The customer as a victim.

From The Godfather:

The policeman believes in law and order in a curiously innocent way. He believes in it more than does the public he serves. Law and order is, after all, the magic from which he derives his power, individual power which he cherishes as nearly all men cherish individual power. And yet there is a smoldering resentment against the public he serves. They are the same time his ward and his prey. As wards they are ungrateful, abusive and demanding. As prey they are slippery and dangerous, full of guile. As soon as one is in the policeman’s clutches the mechanism of the society the policeman defends marshals all its resources to cheat him of his prize. Judges give lenient suspended sentences to the worst hoodlums. Governors of the States and the President himself give full pardons, assuming that respected lawyers have no already won his acquittal. After a time the cop learns Why should he not collect the fees these hoodlums are paying? He needs it more. Why shouldn’t his wife shop in more expensive places? Why shouldn’t he himself get the sun with a winter vacation in Florida? After all, he risks his life and that is no joke.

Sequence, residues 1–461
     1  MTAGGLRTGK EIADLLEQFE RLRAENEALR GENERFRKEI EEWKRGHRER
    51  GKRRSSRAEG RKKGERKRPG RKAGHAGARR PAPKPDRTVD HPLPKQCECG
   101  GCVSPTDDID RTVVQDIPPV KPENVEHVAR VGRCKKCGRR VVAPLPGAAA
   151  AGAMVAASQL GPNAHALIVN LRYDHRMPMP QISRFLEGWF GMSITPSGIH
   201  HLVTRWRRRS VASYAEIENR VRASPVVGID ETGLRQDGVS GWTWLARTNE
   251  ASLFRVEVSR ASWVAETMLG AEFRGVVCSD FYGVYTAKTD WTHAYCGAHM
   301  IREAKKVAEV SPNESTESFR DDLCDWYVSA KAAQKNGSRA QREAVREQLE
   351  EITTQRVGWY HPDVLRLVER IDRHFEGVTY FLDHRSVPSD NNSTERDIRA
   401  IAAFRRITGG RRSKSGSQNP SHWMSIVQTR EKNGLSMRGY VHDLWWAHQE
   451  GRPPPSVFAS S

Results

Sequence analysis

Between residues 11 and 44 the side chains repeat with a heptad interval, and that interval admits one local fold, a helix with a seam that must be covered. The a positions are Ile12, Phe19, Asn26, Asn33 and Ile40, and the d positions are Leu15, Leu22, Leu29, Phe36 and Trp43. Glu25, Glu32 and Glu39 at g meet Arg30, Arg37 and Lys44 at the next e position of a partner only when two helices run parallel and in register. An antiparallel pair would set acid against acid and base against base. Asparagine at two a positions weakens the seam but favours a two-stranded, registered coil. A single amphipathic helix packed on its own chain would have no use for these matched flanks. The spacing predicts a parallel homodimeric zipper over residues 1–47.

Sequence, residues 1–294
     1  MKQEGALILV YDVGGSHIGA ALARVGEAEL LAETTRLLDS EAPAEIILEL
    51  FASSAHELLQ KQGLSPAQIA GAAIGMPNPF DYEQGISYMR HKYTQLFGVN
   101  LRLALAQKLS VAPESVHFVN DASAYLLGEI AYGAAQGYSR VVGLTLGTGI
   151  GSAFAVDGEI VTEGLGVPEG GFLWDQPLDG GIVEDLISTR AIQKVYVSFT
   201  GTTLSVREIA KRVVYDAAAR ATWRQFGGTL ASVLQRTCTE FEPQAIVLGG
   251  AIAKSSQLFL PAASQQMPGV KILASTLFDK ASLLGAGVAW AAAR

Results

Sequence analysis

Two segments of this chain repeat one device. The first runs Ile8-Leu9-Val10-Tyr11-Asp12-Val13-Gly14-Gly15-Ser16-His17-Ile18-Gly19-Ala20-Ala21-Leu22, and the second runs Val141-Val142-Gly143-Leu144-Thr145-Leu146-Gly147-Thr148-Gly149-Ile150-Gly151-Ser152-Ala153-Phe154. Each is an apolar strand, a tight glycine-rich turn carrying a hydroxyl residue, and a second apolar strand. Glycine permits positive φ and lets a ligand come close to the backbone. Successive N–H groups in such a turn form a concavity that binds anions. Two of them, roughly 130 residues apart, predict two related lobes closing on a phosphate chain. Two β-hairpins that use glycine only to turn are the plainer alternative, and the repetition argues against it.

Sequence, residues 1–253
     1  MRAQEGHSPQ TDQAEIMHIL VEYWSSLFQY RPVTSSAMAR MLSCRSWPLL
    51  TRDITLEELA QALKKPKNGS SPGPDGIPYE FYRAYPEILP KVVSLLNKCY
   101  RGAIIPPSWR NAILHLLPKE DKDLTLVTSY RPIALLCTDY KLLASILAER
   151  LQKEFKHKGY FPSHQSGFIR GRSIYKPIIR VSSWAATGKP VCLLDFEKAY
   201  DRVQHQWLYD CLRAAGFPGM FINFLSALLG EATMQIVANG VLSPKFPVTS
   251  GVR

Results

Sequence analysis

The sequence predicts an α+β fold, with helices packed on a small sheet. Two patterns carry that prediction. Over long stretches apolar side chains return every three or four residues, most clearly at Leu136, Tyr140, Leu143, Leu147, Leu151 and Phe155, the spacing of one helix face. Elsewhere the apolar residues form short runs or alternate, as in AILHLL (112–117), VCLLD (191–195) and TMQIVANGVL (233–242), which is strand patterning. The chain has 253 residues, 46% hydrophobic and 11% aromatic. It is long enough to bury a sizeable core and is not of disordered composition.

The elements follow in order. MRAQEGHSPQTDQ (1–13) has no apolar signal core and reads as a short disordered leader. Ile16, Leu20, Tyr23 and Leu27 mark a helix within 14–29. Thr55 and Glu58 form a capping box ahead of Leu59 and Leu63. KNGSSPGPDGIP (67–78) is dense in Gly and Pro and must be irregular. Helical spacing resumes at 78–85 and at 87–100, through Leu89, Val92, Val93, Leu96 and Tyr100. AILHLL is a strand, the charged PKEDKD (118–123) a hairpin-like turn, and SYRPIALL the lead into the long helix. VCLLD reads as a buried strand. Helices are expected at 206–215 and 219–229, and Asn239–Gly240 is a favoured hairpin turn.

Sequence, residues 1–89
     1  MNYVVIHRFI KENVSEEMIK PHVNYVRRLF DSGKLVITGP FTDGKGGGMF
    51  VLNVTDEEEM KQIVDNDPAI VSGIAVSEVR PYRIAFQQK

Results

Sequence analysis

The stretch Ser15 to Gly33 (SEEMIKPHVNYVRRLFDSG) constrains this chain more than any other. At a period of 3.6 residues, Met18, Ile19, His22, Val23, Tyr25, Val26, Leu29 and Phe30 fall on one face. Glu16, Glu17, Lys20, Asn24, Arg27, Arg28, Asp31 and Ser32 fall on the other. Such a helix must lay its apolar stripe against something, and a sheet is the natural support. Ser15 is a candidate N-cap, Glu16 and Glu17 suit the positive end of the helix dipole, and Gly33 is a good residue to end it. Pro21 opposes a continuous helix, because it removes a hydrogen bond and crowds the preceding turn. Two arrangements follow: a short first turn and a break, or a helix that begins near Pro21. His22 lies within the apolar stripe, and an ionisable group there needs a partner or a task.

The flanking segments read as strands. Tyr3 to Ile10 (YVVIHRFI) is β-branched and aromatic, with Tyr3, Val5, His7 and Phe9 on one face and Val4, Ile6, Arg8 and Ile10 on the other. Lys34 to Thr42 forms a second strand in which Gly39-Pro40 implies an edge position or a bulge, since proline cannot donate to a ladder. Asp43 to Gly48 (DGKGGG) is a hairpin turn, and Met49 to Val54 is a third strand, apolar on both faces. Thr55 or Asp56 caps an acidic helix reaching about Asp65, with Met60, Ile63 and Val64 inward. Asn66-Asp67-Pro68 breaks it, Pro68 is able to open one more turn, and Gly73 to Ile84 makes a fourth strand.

Is this not very similar to how the artists sees the fan? The producer and his public? The creator and the consumer? It is a very human tendency. But it leads to bad art. And the Hollywood system is prone to facilitate it.

Written by Ryan Holiday
Ryan Holiday is the bestselling author of Trust Me, I’m Lying, The Obstacle Is The Way, Ego Is The Enemy, and other books about marketing, culture, and the human condition. His work has been translated into thirty languages and has appeared everywhere from the Columbia Journalism Review to Fast Company. His company, Brass Check, has advised companies such as Google, TASER, and Complex, as well as Grammy Award winning musicians and some of the biggest authors in the world. He lives in Austin, Texas.